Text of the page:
Scorsese has taken a plot from a relatively minor Hong Kong thriller, Infernal Affairs, and turned it into one of his best films so far. He takes his familiar theme connecting sex, violence and deceit to new heights here. The Departed requires your complete attention every moment of its two and a half hour running time. Even line of dialogue is perfectly planned and executed. Scorsese weaves a tapestry of deception with the skill of a master. Also typical of this director’s style is the way he frames each shot. Every frame of this film is a piece of art. There is a level of attention to detail that few in his craft can ever dream of achieving. In many ways this film reminded my of another great director’s work, Sidney Lumet’s ‘Prince of the City’. Like that film everyone, even the camera lies to the audience. The shots here reinforce the intrigue and lies by showing the character’s viewpoints instead of a God like view of the truth. Scorsese builds the suspense slowly, turning up the heat in small increments hold the attention of the audience.

In his search for perfection Scorsese pays particular attention to his cast. Here, he selects the best of new Hollywood for the heavy lifting. Cementing the performances of these younger actors is Jack Nicholson. Once again he plays his role close to going over the edge. He is more than an actor here; he is a force of nature. Leonardo DiCaprio may have gotten his start on a television sitcom and entered the A-List with a romantic drama but here he shows his ability to hold his own in a serious thriller. Between this film and Blood Diamond, also released in 2006, DiCaprio has shown the world the depth of his acting talent. He permits the audience to witness the decent of a man into a world in which he has no control. DiCaprio completely owns his character making an strong emotional connection with the viewer. Matt Damon is getting a reputation as the go to actor for intense, action oriented roles. Like his co-star DiCaprio he also gave a stellar performance in another 2006 film, ‘The Good Shepard’. Unfortunately for both men having two such strong roles will certainly split the votes during award season. In this film Damon mirrors DiCaprio’s character. He gives a presentation of his character as a man just as trapped as his counterpart but for somewhat different reasons. One of the weakest performances is by Vera Farmiga. She is not able to fully connect with her character and sell the role to the audience. While it is true that most female roles in a Scorsese film are ancillary to the more dominate male characters other actresses have done a much better job of relating to their characters.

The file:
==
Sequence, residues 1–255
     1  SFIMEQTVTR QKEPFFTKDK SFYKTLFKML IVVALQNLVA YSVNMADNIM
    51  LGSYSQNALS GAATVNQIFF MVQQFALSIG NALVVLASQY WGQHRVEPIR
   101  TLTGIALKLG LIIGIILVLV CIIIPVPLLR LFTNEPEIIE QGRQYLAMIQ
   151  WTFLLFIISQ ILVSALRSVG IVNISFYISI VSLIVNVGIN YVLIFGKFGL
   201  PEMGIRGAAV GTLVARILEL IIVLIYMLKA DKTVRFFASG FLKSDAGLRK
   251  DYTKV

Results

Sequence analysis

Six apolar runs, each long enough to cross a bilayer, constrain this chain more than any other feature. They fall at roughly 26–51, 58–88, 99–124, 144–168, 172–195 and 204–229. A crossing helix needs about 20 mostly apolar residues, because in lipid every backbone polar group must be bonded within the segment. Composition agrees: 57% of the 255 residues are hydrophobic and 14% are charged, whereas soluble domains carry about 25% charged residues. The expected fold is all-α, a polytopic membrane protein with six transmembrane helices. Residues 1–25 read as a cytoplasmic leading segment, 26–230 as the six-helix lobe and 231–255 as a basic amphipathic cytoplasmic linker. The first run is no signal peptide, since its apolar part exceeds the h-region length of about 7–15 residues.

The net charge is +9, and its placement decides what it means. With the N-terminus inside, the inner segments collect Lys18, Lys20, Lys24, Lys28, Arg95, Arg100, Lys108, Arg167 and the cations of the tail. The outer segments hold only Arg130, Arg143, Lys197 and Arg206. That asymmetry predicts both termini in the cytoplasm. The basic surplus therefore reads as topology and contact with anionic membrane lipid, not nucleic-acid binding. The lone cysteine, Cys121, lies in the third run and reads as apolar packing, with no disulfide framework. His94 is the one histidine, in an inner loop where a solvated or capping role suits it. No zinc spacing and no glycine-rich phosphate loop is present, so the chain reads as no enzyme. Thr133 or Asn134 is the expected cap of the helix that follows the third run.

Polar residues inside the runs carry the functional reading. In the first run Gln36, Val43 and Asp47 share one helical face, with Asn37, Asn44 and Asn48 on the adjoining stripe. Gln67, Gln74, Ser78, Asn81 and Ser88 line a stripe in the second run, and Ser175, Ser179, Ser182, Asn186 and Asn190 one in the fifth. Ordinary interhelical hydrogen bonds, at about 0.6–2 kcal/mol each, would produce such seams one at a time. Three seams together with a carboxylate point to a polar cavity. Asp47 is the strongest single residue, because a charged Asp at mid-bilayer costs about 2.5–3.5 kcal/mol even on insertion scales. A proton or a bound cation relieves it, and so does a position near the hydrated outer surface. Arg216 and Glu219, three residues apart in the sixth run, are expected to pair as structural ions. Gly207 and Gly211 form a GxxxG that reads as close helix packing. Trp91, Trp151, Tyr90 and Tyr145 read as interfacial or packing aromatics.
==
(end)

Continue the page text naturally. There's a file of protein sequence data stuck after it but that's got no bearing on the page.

Warner Brothers has given this film the DVD treatment it so richly deserves. There are thee variations so far, a Pan & Scan, widescreen and special edition. Considering Scorsese is one of the most outspoken directors against running films with Pan & Scan it would be disrespectful to even consider the purchase of that format. Besides, with most films, especially a Scorsese film, you really need to seen every pixel intended. Since the price difference between the widescreen and special edition is about $5 retail go for the special edition if at all possible. You will enjoy the added material provided. The 2.35:1 anamorphic video is excellent, near reference quality. The color balance is like that of an old world painting, simply perfect. The contrast is without flaw or defect. The Dolby 5.1 audio will give a workout to your speaker system. The violent scenes will give a workout for your sub woofer. The rear speakers bring a realistic ambience to your living room. In the special edition you also get nine additional scenes with a commentary by Scorsese. He details why they were made and more importantly why they didn’t make the final cut. There are also two fascinating featurettes, ‘The Story of the Boston Mob’ and ‘Crossing Criminal Cultures’. If you are a Scorsese fan or just enjoy great films than this is a must have. If you never got into his work just where have you been?

Posted 01/21/07

Thanks to everyone visiting this site.

Send email to doug@hometheaterinfo.com with questions or comments about this web site.
Copyright © 1999-2014 Home Theater Info